Happiness rests with feeling fulfilled – those who fail to stop and appreciate what they have every now and again will never experience true fulfillment.

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            4. They’re Not Materialistic

            There are arguing viewpoints on whether or not money can really buy happiness; if it can, then we know from experience that we can never be satisfied because there will always be something newer or better that we want. Who has ever had enough money?

            5. They Don’t Dwell

            They don’t sweat the small things or waste time worrying about things that don’t really matter at the end of the day. They don’t let negative thoughts latch onto them and drain them or distract them. Life’s too short to worry.

            6. They Care About Themselves First

            They’re independent, care for themselves and understand that they must put their needs first in order to accommodate the needs of others.

            They indulge, aim to get what they want, make time for themselves and are extremely self-reliant.

            7. They Enjoy the Little Things

            They stop to smell the roses. They’re accustomed to find serenity when it’s available, to welcome entertainment or a stimulating discussion with a stranger when it crosses their path. They don’t overlook the small things in life that can be just as important.

            8. They Can Adapt

            They’re not afraid of change and they work to make the most out of new circumstances, good or bad. They thrive under pressure, are not overwhelmed easily and always embrace a change of pace.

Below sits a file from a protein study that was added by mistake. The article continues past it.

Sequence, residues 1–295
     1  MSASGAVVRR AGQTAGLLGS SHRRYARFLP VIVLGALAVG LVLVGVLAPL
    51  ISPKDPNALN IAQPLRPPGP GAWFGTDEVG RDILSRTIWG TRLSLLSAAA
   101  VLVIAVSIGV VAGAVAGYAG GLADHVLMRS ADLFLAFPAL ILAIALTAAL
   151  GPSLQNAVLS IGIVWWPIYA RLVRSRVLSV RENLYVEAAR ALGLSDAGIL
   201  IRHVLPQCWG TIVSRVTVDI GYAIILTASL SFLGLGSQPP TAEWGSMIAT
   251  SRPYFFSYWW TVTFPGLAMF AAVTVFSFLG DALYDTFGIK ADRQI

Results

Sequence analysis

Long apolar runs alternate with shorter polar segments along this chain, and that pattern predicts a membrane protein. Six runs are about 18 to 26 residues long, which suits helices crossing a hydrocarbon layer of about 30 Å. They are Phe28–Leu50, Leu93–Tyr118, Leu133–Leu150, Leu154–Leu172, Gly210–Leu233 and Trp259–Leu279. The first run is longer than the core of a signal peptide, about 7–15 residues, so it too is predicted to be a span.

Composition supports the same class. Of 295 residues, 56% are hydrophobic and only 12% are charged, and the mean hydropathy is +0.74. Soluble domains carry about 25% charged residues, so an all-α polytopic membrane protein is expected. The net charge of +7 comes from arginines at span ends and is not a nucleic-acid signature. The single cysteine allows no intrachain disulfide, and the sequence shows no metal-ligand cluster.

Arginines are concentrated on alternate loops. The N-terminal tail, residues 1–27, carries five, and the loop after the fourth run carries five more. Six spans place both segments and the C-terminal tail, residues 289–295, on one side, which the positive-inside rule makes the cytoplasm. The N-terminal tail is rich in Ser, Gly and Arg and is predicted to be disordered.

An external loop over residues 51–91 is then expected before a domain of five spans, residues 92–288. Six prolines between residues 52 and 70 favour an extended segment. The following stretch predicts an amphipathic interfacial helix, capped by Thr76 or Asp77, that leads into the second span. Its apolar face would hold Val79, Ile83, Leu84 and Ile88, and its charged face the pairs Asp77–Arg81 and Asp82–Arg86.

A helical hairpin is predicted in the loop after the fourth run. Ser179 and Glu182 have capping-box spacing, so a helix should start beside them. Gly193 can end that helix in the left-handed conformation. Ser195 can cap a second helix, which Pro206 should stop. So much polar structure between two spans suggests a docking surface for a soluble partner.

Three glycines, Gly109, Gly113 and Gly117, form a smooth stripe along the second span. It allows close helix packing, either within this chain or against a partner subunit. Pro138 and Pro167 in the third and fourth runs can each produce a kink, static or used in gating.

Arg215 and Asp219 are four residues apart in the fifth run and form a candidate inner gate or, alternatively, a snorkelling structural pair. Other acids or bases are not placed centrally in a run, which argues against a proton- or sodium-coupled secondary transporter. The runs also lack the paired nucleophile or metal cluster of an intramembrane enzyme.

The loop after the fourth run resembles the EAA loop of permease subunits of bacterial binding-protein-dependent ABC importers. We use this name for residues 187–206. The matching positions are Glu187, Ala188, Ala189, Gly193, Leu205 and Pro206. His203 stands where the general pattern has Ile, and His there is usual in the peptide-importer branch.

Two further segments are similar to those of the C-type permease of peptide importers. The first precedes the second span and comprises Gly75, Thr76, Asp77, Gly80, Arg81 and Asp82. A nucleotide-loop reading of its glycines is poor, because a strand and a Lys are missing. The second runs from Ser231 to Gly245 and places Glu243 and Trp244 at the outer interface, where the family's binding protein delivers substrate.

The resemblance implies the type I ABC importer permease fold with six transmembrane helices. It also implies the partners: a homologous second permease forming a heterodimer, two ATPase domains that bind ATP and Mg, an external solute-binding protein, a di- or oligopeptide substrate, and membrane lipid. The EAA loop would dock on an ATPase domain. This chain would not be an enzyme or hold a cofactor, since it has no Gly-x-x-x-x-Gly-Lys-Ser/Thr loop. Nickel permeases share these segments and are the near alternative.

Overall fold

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            9. They Experiment

            They try new things, experience new flavors and never shy away from something they have yet to experience. They never order twice from the same menu.

            10. They Take Their Time

            They don’t unnecessarily rush through life. They work on their own schedule to the extent that they can and maneuver through life at their own relaxing pace.

            11. They Employ Different Perspectives

            They’re not stuck in one perspective; a loss can result in a new opportunity, hitting rock bottom can mean that there’s no where to go but up.

            12. They Seek to Learn

            Their constant pursuit of knowledge keeps them inspired and interested in life. They cherish information and are on a life-long quest to learn as much as they can.

            13. They Always Have a Plan

            They don’t find themselves drifting without purpose. When something doesn’t go as planned, they have a plan for every letter in the alphabet to fall back on.

            14. They Give Respect to Get It